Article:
Kaitlin Armstrong sold black jeep for $12,000 before fleeing, say authorities

Kaitlin Marie Armstrong
Kaitlin Marie Armstrong (Image credit: U.S. Marshals Lone Star Fugitive Task Force)

The U.S. Marshals Lone Star Fugitive Task Force have located the black Jeep Grand Cherokee believed to have been owned by homicide suspect Kaitlin Marie Armstrong in connection with the death of cyclist Moriah Wilson.

Armstrong is wanted on first-degree murder felony charges in connection with the shooting death of Wilson on May 11 in Austin, Texas.

Investigators with the task force learned that Armstrong sold the vehicle May 13 to a CarMax dealership in south Austin for $12,200 US dollars. Armstrong was provided a check from the dealership a day after being questioned by Austin authorities. She departed the Austin airport on May 14, according to an official statement sent to Cyclingnews.

According to multiple warrants in the investigation, a black jeep, believed to be Armstrong's, was observed on surveillance footage travelling toward, and then slowing down, near the residence where Wilson was staying in Austin on the night she was shot.

The following day, Austin Police Department (APD) officers conducted surveillance at the residence of Armstrong and saw Armstrong entering and exiting what they believe to be the same vehicle observed in the surveillance footage at the crime scene.

Authorities had not been able to locate the vehicle again in their search, until now.

U.S. Marshals are assisting the APD homicide investigation with a separate fugitive investigation in the search for Armstrong.

They have elevated the case to a "major case" and are offering up to a $5,000 reward in addition to $1,000 cash reward by the Capital Area Crime Stoppers for information leading to the arrest of Armstrong.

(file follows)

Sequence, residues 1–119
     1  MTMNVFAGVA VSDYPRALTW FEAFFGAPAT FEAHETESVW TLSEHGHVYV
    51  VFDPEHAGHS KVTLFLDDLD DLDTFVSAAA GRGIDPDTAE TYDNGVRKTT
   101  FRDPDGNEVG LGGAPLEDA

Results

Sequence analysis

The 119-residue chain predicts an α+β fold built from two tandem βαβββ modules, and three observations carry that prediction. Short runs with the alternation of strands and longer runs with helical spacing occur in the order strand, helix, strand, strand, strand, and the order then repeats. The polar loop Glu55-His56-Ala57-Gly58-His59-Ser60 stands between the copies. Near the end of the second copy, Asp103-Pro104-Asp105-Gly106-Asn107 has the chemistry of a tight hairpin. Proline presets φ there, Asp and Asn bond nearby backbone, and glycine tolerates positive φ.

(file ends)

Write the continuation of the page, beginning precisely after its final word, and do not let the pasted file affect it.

In addition, an anonymous donor is contributing up to $15,000 bringing the total combined reward of up to $21,000.

According to U.S. Marshals' more recent information, Armstrong was at the Austin-Bergstrom International Airport on May 14, three days after the shooting death of Wilson. They believe that she then boarded a flight to Houston Hobby Airport followed by a connecting flight to LaGuardia Airport in New York. 

They suggest she was then dropped off at the Newark Liberty International Airport in New Jersey on May 18, which was a day after APD obtained a warrant for her arrest. However, a search of outbound flights at this airport revealed no reservations had been made under the name Kaitlin Marie Armstrong.

The arrest warrant names Armstrong, 34, as wanted in first-degree felony murder charges and describes her as a white, female, with no additional aliases. U.S. Marshals also described Armstrong as 5’8″ tall and weighing around 125 pounds, with long, curly, light brown hair and hazel eyes.

Cyclingnews has pieced together a timeline of how authorities believe this crime allegedly unfolded, based on legal documents. Cyclingnews will provide additional updates as more information becomes available by authorities throughout this investigation.

Anyone with information on Armstrong’s whereabouts is urged to contact the U.S. Marshals Service Communications Center at 1-800-336-0102 or submit a tip using the USMS Tips app. Tips may also be sent to the Capital Area Crime Stoppers at 1-800-893-8477.

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Kirsten Frattini
Women's Editor

Kirsten Frattini is an honours graduate of Kinesiology and Health Science from York University in Toronto, Canada. She has been involved in cycling from the community and grassroots level to professional cycling's WorldTour. She has worked in both print and digital publishing, and started with Cyclingnews as a North American Correspondent in 2006. Moving into a Production Editor's role in 2014, she produces and publishes international race coverage for all men's and women's races including Spring Classics, Grand Tours, World Championships and Olympic Games, and writes and edits news and features. As the Women's Editor at Cyclingnews, Kirsten also coordinates and oversees the global coverage of races, news, features and podcasts about women's professional cycling.